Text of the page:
Insurer Humana pushes deeper into delivery of health care

FILE - This Aug. 8, 2011, file photo, shows the entrance to the Humana building, in Louisville, Ky. Humana announced Tuesday, Dec. 19, 2017, it will buy part of Kindred Healthcare’s home health business, the latest example of a health insurer growing more involved in the delivery of health care in addition to handling the bills for it. (AP Photo/Ed Reinke, File)

Humana will buy part of Kindred Healthcare's home health business, the latest example of a health insurer growing more involved in the delivery of care on top of handling the bills for it.

The insurer said Tuesday it will pay about $800 million in cash for a 40-percent stake in the business, which includes hospice care and serves about 130,000 patients daily. The remaining stake will be purchased by the private equity firms TPG Capital and Welsh, Carson, Anderson & Stowe.

Those firms also will acquire the rest of Louisville, Kentucky-based Kindred Healthcare Inc., which runs long-term acute care and inpatient rehabilitation hospitals.

Humana, which already operates a home health business, said the deal will help it keep costs down, improve health and manage chronic conditions. CEO Bruce Broussard said in a prepared statement that care delivered at home is a "vital element" in improving the health of older people living with chronic conditions, which can include diabetes or heart disease.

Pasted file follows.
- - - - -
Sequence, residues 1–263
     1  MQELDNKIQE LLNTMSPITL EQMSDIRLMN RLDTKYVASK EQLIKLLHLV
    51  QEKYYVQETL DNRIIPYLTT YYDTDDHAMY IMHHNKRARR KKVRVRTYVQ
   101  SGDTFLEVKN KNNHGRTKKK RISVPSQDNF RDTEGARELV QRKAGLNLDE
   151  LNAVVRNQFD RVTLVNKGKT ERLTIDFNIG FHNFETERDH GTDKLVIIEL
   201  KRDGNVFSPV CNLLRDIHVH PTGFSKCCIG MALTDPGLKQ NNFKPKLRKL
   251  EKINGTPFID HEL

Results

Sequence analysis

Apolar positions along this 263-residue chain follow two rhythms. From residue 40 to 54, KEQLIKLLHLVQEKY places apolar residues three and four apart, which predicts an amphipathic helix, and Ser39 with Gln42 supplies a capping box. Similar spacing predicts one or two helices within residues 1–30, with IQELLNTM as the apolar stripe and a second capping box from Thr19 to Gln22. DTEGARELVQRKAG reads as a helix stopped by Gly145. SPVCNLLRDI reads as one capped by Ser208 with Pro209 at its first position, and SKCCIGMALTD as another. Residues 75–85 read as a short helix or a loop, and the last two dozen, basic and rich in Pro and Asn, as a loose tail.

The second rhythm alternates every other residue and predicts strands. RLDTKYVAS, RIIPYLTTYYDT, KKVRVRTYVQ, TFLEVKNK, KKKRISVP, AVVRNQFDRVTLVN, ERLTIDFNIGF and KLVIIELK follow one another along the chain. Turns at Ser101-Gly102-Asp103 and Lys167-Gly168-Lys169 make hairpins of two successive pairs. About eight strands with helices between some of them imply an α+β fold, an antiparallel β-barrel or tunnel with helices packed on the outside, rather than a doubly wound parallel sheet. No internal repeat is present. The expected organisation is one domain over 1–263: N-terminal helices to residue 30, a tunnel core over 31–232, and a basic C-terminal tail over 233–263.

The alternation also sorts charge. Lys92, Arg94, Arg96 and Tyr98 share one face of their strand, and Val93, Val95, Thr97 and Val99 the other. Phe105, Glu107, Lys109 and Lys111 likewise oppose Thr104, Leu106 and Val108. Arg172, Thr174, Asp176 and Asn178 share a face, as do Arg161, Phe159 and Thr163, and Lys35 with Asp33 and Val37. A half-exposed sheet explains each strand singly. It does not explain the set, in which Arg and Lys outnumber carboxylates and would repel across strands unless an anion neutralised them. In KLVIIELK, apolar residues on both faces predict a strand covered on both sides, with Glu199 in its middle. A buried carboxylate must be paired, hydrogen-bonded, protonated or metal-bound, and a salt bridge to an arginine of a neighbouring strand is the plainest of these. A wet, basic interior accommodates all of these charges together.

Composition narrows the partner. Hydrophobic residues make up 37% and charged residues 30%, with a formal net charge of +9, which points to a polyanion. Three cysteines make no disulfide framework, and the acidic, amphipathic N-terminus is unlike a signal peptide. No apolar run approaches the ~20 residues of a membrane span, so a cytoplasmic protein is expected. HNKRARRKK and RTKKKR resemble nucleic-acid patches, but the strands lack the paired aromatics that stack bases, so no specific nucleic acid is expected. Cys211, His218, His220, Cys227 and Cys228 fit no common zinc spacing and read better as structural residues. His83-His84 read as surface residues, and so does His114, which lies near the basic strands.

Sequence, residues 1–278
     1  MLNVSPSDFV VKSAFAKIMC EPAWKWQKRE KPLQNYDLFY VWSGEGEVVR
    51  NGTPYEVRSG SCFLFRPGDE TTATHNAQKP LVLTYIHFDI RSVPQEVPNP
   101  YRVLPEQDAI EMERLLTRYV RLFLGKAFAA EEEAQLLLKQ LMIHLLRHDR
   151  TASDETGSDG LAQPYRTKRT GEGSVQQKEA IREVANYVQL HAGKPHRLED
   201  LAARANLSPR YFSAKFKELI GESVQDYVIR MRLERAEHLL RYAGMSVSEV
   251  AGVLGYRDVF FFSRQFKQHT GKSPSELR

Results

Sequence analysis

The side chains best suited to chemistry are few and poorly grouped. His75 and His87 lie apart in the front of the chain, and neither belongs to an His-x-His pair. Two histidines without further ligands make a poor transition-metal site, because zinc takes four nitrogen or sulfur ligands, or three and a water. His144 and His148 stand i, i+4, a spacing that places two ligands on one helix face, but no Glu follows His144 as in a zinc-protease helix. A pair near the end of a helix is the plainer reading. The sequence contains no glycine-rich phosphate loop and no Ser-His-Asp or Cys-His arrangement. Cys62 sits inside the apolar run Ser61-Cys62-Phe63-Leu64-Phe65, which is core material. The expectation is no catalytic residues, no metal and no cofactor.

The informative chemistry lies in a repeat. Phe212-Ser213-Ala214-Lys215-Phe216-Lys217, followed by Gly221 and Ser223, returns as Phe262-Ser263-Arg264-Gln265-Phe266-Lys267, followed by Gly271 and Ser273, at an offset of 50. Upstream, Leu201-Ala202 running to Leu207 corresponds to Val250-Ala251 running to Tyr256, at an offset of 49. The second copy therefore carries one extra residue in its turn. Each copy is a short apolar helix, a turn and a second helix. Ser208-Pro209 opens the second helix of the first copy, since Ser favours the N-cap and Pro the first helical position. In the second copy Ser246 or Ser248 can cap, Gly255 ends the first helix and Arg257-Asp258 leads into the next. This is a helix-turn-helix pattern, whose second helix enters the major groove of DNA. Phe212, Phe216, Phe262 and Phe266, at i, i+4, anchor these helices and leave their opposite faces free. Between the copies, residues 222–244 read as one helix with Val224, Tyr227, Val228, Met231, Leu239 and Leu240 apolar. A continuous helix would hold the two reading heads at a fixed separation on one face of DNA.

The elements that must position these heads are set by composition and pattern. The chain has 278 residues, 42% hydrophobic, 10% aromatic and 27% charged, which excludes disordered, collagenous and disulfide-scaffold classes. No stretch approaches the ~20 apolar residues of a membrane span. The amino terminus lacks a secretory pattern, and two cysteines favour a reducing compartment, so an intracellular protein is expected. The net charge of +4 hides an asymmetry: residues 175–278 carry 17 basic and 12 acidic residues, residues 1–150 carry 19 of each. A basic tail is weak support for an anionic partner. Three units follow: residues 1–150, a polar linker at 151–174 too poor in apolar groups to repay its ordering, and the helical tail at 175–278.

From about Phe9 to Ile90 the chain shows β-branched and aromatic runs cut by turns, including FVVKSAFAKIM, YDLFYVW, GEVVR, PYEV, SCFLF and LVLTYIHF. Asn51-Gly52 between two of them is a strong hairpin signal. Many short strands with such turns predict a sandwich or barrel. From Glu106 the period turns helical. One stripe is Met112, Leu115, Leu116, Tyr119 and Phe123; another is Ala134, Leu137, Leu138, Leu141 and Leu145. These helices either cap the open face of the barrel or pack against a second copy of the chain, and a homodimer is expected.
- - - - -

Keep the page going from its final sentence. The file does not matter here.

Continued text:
Humana Inc., also based in Louisville, is one of the nation's biggest providers of Medicare Advantage plans, which are privately run versions of the federal Medicare program for people who are over 65 or disabled. It also provides Medicare prescription drug coverage and offers commercial insurance.

Health insurers and other entities have been pushing deeper into managing or providing patient care in order to cut costs and improve quality. The basic idea is to help people stick with treatment plans, stay on medication and live healthy lifestyles in order to ward off expensive care like hospital stays.

The trend is drawing concern from some patient advocates who worry that it could lead to fewer doctor choices or other treatment restrictions.

However, economist Linda Blumberg noted that these deals can give insurers more control over provider payment rates, which might help restrain the cost of coverage.

"There is potential to control costs in a way you can't do when you're just one among others trying to negotiate rates with providers," said Blumberg, a senior fellow at the Urban Institute's Health Policy Center.

Earlier this month, CVS Health said it would pay about $69 billion to buy the health insurer Aetna in a deal that will expand the role of its drugstores in managing patient care.

Tuesday's announcement also comes several days after another insurer, UnitedHealth Group Inc., said it would spend nearly $5 billion deal to buy hundreds of clinics from DaVita Inc. UnitedHealth's Optum segment runs more than 1,100 primary, urgent and surgery care centers. A company spokesman said UnitedHealth's Optum business provides care for over 13 million people through more than 30,000 physicians.

Regulators and Kindred shareholders still need to approve Humana's acquisition, which the companies expect to close next summer. The deal also gives Humana the right to acquire the rest of Kindred's home health business in a few years.

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